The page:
In a 2003 report titled “Unequal Treatment: Confronting Racial and Ethnic Barriers in Healthcare,” the National Academies’ Institute of Medicine detailed the shortcomings in the delivery of health services to minorities. The shortcomings were attributed to lack of education, racial discrimination, and poverty. Citing the report, health analysts wrote in The Journal of the American Association, “health disparities and genetics may have little to do with each other, short of capturing public attention simultaneously.” Even Collins conceded in his talk that “most health disparities don’t have anything to do with genetics, but sometimes genes have a role, we think.”
Drug companies were much in evidence at the convention, and if there is one area of genomics that has attracted a critical mass of believers, it’s pharmacogenomics. In recent years reports have mounted that many drugs work better in white patients than in black patients, and vice versa. The drug companies, noting that as many as half of all drugs don’t work as intended, think that genetic variation is responsible. Scientists have illuminated alleles that may affect drug reactions. Not only are the alleles skewed between black and white study samples but their frequencies also line up with the groups’ overall responses.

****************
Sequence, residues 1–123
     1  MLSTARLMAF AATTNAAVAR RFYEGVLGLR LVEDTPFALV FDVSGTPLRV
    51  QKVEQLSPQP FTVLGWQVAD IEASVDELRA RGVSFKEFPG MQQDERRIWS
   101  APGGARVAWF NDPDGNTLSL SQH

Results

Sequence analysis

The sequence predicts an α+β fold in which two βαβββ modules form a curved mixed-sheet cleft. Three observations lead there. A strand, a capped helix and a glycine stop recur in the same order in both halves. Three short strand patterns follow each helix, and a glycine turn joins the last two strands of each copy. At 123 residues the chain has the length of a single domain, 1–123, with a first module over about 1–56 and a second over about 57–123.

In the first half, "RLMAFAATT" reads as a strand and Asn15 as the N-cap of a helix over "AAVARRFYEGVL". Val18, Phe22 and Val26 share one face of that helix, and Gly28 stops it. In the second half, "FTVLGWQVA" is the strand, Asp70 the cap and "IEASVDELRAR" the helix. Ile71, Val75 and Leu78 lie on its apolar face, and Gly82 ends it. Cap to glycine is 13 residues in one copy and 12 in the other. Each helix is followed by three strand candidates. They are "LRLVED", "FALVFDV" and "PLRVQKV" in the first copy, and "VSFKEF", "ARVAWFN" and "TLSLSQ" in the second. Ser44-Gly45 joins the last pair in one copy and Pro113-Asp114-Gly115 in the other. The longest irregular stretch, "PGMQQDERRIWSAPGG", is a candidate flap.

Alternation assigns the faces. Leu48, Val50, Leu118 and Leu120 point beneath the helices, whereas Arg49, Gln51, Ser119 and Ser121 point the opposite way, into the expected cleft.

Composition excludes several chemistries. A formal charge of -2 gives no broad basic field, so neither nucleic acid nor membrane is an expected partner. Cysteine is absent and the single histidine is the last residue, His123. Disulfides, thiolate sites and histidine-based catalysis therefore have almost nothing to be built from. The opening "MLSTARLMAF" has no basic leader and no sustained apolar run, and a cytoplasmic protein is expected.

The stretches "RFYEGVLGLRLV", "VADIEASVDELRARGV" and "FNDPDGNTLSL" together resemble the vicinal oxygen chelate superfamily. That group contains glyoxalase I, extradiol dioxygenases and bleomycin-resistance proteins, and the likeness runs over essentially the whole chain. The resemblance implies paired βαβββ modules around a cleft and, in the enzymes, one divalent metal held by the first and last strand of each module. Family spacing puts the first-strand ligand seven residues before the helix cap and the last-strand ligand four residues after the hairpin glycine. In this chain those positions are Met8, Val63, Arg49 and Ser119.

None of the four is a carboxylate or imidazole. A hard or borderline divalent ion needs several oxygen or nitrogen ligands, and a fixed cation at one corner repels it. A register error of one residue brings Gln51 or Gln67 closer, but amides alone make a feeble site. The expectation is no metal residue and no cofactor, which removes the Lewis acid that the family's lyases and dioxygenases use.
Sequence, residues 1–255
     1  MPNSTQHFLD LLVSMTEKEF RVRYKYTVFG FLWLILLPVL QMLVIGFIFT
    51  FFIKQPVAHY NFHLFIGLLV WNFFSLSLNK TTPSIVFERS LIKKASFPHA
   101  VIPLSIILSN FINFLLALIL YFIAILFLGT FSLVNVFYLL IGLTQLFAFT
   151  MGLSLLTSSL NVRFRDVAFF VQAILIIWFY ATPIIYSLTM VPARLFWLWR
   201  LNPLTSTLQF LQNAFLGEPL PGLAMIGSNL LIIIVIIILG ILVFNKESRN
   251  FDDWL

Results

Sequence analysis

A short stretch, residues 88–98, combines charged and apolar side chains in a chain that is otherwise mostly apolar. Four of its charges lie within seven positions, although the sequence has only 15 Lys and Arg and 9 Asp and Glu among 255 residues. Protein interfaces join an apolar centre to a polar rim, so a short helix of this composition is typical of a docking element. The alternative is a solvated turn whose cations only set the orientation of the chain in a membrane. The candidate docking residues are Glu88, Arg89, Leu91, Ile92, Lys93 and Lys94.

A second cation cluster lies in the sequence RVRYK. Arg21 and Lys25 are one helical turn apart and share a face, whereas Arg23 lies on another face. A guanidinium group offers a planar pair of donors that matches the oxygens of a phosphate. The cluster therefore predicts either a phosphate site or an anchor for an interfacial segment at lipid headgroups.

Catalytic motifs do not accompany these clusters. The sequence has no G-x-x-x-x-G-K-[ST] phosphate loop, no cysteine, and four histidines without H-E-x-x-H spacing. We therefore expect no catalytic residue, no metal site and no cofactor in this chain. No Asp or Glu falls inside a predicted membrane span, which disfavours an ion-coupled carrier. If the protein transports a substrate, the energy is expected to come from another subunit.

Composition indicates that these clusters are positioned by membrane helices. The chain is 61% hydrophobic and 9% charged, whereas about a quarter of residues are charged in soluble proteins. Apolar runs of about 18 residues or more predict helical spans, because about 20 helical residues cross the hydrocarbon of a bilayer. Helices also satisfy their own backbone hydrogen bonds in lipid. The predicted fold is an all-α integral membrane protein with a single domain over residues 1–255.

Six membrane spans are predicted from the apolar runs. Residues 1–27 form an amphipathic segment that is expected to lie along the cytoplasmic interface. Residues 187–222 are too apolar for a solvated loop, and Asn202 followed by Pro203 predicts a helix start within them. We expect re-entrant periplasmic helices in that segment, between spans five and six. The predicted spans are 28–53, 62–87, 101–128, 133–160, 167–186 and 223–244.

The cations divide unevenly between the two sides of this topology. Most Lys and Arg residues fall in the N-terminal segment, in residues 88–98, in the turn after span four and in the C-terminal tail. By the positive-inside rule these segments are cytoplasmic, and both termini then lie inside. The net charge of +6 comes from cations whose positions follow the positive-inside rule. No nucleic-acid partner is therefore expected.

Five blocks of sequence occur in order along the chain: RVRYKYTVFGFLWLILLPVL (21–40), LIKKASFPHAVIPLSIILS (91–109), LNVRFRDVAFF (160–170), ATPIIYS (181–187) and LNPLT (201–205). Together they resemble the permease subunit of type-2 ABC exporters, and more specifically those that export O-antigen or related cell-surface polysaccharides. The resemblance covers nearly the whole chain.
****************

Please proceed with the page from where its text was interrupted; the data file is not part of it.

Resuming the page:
Black physicians as well as white recommend patients for drug trials, and they act on those results when writing prescriptions. Clearly the practitioners in San Diego accepted race as a useful clinical criterion, regardless of geneticists’ objection that pharmaceutical scientists leave it to their subjects to say if they are black or white, which is hardly a scientific method. Studies of genetic markers that are distinctive to ancestral groups show that typical African Americans have 20 percent European blood, although that figure can go as high as 80 percent in some people who call themselves black.